by Alan G. Caddell, Commander, Santa Ana Police Department, California
aw enforcement managers and executives are finding that all ranks in law enforcement agencies are filled by younger and less experienced personnel, if the ranks are filled at all. Personnel shortages resulting from enhanced retirements and a shrinking applicant pool have taken the do-more-with-less mantra to the breaking point. As agencies struggle to maintain service levels and meet rising expectations, it becomes necessary to get the most out of employees in new ways.
In the seminal book Supervision of Police Personnel,1 Nathan Iannone writes about the wisdom of placing “round pegs in round holes” and the importance of matching an employee’s talents to a particular job task. While one can appreciate the author’s example that “colorblind persons are not the best strawberry pickers,” the reality today is that few agencies have the luxury of having enough round pegs—or sufficient pegs of any size—to fill the holes representing community expectations. In fact, today it seems as if holes are continually changing shape. Police departments must now meet not only traditional demands, but also new and expanding ones that require continual flexibility and adaptation. The challenge today is not to identify the specific talents and preferences of the employee for subsequent assignment but to provide employees with the tools and incentives necessary to prepare them to fit into any number of assignments to meet changing demands.
Police officers perform a greater variety of tasks than ever before. Many of these considerably exceed traditional expectations. The remaining veteran officers, who have not yet retired, typically were not trained for current demands and no new officer can be fully prepared for the changes the future may bring. With the fast exodus of retiring officers from police departments everywhere, newer officers have not had as much time to learn from veteran officers and often lack the training required to assume responsibilities for such activities as facilitating community meetings, working with outside agencies, coordinating grant projects, and working on large-scale collaborative efforts that today are more likely to involve line officers. Standard internal assignments are also posing challenges for officers who lack the experience base associated with appointments to investigative units and other lateral or promotional assignments that traditionally prepared officers for more responsibilities.
To adjust to the reality that an officer must carry out any number of tasks—and prepare for some not yet envisioned—agencies must provide employees with a tool that allows for ongoing adaptation to changing needs. One such tool is the Personal Competency Model (PCM), which uses candid self-assessment and supervisory feedback to bridge the gap between an employee’s existing skills and the current and anticipated needs of the organization. Used extensively in the California POST Master Instructor Development Program, the PCM takes instructors entering the program and identifies their personal learning objectives for their subsequent one-year period of study. Introduced and refined by program codeveloper and facilitator Jim Fraser, the model forces the participant to move beyond current levels of performance to those required for mastery of a number of dimensions that vary according to the individual goals of the participant and his or her sponsoring agency.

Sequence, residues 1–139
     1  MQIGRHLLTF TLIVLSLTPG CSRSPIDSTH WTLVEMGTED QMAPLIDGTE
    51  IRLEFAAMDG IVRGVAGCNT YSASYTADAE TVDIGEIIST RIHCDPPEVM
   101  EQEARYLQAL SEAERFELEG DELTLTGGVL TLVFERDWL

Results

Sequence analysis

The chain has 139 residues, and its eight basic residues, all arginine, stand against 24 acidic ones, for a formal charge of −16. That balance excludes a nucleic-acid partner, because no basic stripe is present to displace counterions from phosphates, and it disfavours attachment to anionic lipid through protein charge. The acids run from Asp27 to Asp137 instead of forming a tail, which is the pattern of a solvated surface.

The PCM uses a baseline measurement of a person’s current capability in a given area and determines where future growth is needed. The PCM is easily adapted to any number of goals and objectives of law enforcement. By adopting a proactive approach to employee development and evaluation, agencies can move away from gauging an officer’s effectiveness based solely on current capabilities and move toward a model that prepares employees for new challenges. The PCM offers the following benefits:
• Enhances performance and professionalism of employees through a structured plan
• Increases retention of department policy, procedures, and training by linking the relevance of this information to the employee’s personal goals and objectives
• Improves connectivity between the employee and the supervisor
• Instills a philosophy of value-added performance to meet community expectations
• Puts more responsibility for an officer’s professional growth on the officer and does not put all responsibility on the supervisor
• Helps supervisors and managers become facilitators of the employee’s plan for success
The PCM can be adjusted to use criteria for any goal, including an agency’s standard rating system. But it may be advantageous—especially when the model is first introduced—to limit the PCM to future goals rather than an employee’s current performance evaluation. This is because the key to the Personal Competency Model is self-assessment. Officers must trust the process if they are to be candid about their responses. It can be difficult for an employee to admit a weakness in an area that a supervisor will later formally evaluate, whereas discussing a future task or assignment often leads to candid discussion.
The employee rates himself in the various categories established for the PCM and then compares this to the supervisor’s assessment of his skills. Any areas in which the employee falls far short of the goal, or any areas in which the employee’s rating and the supervisor’s rating differ significantly, need to be addressed. Supervisors may be surprised to find their employees may rate themselves lower than the supervisors rated them. Often, employees are quite aware of their true levels of performance but are rarely considered responsible for measuring their own success or coming up with a plan to improve. Of course, some will also have exaggerated opinions of their performance and need to be exposed to reality.